TRENTON, NJ — “Good trends,” as Governor Phil Murphy put it Monday, will allow New Jersey to expand its COVID-19 gathering limits.
The changes go into effect immediately. Religious services at churches, mosques and other houses of worship will be allowed to run at 50 percent capacity.
Also in effect, two parents or guardians will be allowed to attend indoor and outdoor college sports practices and competitions, as long as crowd sizes don’t go over 35 percent and social distancing is in place outdoors.
“As our numbers continue to decline, we believe we can safely take this step. It is important to remember that masks will continue to be required, unless they must be briefly removed for religious purposes such as taking communion,” Murphy said Monday. “Additionally, members of different households must be at least six feet apart at all times.”
Thirdly, starting next week on March 1, professional sports and entertainment venues will allow for spectators. A 5,000-person cap will be in effect - with a 10 percent capacity for indoor venues and 15 percent capacity for outdoor venues.
In New Jersey, Murphy announced, 1,676,496 vaccine doses have been administered as of Monday – 1.14 million first doses and over 500,000 second does.
State officials say their efforts have been somewhat impacted by delays.
“The scarcity of vaccine, as I've said, is a national issue, and the delayed shipments were also felt nationwide because of the significant icing and freezing conditions in the United States,” State Health Commissioner Judy Persichilli said during the Trenton press conference. “We continue to ask for your patience and shipments are rolling in today, and sites will be working hard to ensure all those who had appointments [are] rescheduled and vaccinated.”
Persichilli reported that 33 percent of adults 18 and older - an age group that accounts for 47% of the state’s coronavirus deaths - have received at least one dose of the vaccine. Moreover, 33 percent of residents 65 to 79, which make up 35 percent of mortalities, have received one dose of the vaccine. As for residents 80 and older, 33 percent have received one dose and 13 percent have received two doses and are fully immunized.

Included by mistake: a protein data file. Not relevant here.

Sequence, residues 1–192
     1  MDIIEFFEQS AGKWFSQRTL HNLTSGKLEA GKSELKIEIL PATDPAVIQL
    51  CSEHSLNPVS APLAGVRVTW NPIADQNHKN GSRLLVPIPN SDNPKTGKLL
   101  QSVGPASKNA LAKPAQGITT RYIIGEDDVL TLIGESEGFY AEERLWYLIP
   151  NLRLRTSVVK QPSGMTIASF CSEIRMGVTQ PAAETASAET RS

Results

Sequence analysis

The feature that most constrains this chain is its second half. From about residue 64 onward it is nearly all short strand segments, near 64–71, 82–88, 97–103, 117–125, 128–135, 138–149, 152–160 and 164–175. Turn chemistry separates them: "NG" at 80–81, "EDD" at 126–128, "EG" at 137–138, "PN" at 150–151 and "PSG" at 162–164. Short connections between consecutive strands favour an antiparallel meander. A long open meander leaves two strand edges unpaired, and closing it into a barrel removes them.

Below is more detailed guidance from the state on the latest allowances:
Religious Services- Effective immediately
- Religious services and celebrations, including wedding ceremonies, funerals, and memorial services that involve a religious service, will be able to operate at 50 percent capacity of the room in which they are held, with no cap on the number of individuals permitted to attend. Services were previously limited to 35 percent of the room, up to 150 individuals.
- Individuals attending services will still be required to wear masks and sit six feet apart from those outside of their household group.
Collegiate Sporting Events- Effective immediately
- Operators of indoor and outdoor collegiate sports practices and competitions may allow up to two parents or guardians per each participating athlete.
- Even including this limited number of parents and guardians, the total number of individuals at an indoor practice or competition cannot exceed 35 percent of the capacity of the room, and any outdoor space needs to accommodate all attendees with appropriate room for social distancing.
- Collegiate athletic conferences retain the discretion to impose stricter protocols regarding spectators, including for events that take place in large venues.
Large Sports and Entertainment Venues- Effective Monday, March 1 at 6:00 a.m.
- Large sports and entertainment venues with a fixed seating capacity of 5,000 or more will be permitted to host a number of patrons and members of the public equal to 10 percent of capacity indoors and 15 percent of capacity outdoors.
- Facilities that host such events must ensure that all attendees at the event remain six feet apart from other attendees, except that individuals who purchase or reserve tickets together may be seated together. Attendees will also be required to wear masks within the facility, except when eating or drinking.